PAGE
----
Which brings to the next question of the filament surviving physical shocks. I can solder them with a 1mm gap between the board and have some hot-melt glue or foam as inserts. However, hot-melts might burn the filament or affect the protective sheath until it changes colour. The glue might even shrink a little when cooled, thus bending the filament until the stress affects it. And with all this, it hasn’t even gone to the post office yet. So, yeah, no filament.

What you’re seeing are actually repaired filaments and had its brightness controlled from a dimmer board. Yeah, I have found the datasheet for the IC and will be prototyping a circuit for it. I might use about two for this, one for the fibre-optic lights and one for the hangar.
Zvezda SD 030
This is the rough planning for the Model and it uses about 32 White LEDs and 4 filaments. The theoretical current consumption is about 1.04A, which is slightly less than my initial 3027 design.

Update: No. Filament. I repeat. No. Filament.
Zvezda SD 031
The problem with me doing projects in my spare time is that I tend to forget what I wanted to do and where I left off. When I return to it, most of the time wasted was looking for the misplaced notes and/or clues where I had left off, which is not easy since most of the hard disks I had tend to go bye-bye before I even had the chance to clean up the files and store it onto the Cloud. Yeah, playing catching up sucks when you have a memory of a introverted goldfish (it does exist?)

Anyway, like all projects, I start with the basic core design with just the PIC chip, test it, tweak the software a little and test it again. Once that is done, I move on and add the extras or features. Since the Pandemic, it has been more of a norm for me to order parts online. And since this is a hobby for me, I do not have any issues with the delivery arriving between 30 to 50 days.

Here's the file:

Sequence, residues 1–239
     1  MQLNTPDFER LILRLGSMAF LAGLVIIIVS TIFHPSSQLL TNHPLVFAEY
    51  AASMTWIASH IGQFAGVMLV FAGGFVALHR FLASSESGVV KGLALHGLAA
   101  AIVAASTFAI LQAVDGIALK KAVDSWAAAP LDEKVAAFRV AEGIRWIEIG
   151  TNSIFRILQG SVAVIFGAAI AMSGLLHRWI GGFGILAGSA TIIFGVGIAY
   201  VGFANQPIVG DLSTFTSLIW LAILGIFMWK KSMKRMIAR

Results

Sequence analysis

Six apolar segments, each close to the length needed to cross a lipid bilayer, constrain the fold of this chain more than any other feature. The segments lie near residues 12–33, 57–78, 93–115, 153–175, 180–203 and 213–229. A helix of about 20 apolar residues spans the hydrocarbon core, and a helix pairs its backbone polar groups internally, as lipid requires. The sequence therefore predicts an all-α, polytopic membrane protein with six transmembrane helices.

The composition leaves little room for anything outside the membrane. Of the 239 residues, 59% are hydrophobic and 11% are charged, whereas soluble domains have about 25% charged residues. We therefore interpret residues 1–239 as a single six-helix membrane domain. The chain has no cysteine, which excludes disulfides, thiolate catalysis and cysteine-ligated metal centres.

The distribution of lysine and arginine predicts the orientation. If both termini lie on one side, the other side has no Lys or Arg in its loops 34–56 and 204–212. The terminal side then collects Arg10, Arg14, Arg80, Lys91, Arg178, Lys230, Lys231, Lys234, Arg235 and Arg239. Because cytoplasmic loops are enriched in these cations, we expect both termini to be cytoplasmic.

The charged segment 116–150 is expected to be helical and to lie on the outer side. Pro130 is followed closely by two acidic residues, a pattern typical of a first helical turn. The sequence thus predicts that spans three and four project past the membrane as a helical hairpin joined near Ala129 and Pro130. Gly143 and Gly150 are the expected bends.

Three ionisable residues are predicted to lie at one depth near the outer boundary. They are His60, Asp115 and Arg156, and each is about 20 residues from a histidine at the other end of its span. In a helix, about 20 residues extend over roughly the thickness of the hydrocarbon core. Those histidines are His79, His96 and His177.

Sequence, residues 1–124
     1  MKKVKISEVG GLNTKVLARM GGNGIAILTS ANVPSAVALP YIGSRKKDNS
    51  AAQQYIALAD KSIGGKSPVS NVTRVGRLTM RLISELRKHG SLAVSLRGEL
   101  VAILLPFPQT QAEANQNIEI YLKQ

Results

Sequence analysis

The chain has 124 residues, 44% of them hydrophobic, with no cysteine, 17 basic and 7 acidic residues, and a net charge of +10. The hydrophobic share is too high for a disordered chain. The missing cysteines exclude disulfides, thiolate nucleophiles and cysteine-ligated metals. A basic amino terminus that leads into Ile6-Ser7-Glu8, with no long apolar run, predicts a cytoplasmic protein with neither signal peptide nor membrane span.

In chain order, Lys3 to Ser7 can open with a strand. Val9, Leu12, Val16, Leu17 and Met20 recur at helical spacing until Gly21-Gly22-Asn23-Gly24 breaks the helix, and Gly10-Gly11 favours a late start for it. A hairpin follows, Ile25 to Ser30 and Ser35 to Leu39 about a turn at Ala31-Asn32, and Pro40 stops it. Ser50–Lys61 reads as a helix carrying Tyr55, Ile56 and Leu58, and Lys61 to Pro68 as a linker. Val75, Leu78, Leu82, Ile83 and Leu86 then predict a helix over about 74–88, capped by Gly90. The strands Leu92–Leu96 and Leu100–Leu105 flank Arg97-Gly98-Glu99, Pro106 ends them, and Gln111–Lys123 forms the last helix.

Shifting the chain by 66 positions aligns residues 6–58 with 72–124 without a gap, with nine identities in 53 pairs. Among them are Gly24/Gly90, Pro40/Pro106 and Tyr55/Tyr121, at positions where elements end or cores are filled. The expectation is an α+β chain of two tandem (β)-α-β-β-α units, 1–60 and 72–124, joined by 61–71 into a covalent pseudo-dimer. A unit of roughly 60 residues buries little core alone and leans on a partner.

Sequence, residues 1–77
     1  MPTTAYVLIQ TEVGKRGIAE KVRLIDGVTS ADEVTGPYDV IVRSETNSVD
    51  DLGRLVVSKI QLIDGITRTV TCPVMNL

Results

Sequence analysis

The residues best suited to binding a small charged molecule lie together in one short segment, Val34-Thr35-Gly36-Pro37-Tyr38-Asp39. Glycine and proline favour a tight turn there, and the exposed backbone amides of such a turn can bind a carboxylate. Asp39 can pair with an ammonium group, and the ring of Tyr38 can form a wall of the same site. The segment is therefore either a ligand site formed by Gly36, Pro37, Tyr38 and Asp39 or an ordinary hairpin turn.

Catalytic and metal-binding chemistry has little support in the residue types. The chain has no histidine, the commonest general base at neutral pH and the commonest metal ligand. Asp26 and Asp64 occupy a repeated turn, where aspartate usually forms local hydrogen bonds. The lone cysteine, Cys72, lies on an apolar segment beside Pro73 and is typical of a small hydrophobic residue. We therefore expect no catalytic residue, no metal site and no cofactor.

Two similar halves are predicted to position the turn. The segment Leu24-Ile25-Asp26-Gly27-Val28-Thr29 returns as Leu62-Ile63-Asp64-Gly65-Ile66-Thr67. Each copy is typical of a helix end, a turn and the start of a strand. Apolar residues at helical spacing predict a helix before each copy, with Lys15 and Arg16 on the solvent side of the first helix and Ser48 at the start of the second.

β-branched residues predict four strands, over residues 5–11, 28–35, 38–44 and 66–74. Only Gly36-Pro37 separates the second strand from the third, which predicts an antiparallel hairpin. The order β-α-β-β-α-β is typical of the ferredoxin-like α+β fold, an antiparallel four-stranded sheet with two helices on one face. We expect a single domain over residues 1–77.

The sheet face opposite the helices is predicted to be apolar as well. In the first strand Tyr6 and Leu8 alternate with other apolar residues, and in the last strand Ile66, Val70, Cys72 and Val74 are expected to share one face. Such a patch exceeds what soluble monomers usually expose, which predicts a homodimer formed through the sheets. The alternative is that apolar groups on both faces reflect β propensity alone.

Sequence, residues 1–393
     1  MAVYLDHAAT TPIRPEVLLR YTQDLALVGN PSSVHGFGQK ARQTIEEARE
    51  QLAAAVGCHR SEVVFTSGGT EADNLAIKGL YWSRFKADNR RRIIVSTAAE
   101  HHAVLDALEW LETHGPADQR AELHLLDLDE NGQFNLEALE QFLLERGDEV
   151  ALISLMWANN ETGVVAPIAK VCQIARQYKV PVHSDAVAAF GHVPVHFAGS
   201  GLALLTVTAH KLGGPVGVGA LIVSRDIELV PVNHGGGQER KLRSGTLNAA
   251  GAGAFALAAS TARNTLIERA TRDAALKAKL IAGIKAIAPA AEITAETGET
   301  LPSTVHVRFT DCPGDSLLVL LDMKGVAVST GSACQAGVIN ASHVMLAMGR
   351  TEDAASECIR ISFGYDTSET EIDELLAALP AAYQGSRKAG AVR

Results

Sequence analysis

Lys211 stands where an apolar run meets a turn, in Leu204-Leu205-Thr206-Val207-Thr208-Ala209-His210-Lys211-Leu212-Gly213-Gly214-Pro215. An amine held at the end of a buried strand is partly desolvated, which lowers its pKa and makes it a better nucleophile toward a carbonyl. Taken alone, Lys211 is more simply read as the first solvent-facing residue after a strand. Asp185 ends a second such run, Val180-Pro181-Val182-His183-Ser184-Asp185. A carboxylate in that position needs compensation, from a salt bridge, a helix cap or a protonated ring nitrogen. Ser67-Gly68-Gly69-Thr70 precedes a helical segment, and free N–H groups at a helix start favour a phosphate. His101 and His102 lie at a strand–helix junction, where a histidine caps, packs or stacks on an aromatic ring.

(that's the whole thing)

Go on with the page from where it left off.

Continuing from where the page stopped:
When all is more or less perfect, off it goes to have the circuit board made and if I feel like it, maybe I’d do a run. Or just make them for myself.

That is the problem since the projects I do are either ‘out of fashion’, the model itself is no longer in production or well, just (to me) too complicated for the normal modeler to install it.
Zvezda SD 032
Here is the continuation of the design. There is close to about 40 LEDs in there, more or less. Once I have the basic sub-circuit designed, I move on to the next basic sub-circuit and so on until the whole circuit is completed.

The high count of the LEDs are due to the uncertainty of how much is needed when I start to use those 0.25mm and 0.5mm Fibre-optics. Also, I have trouble entering https://thefiberopticstore.com and they had some message about not able to take on more orders since February 2021.

There is one very bad habit of mine which is to design the whole circuit in my head. I would read the datasheets, count the light points and the ‘design’ rough circuit layout. The problem is, I am too lazy to jot it down and after a few times of recollection, I get fed up and start all over again.

Update April, 2022: The Fiberoptic store is OK now, and it even ships to Malaysia!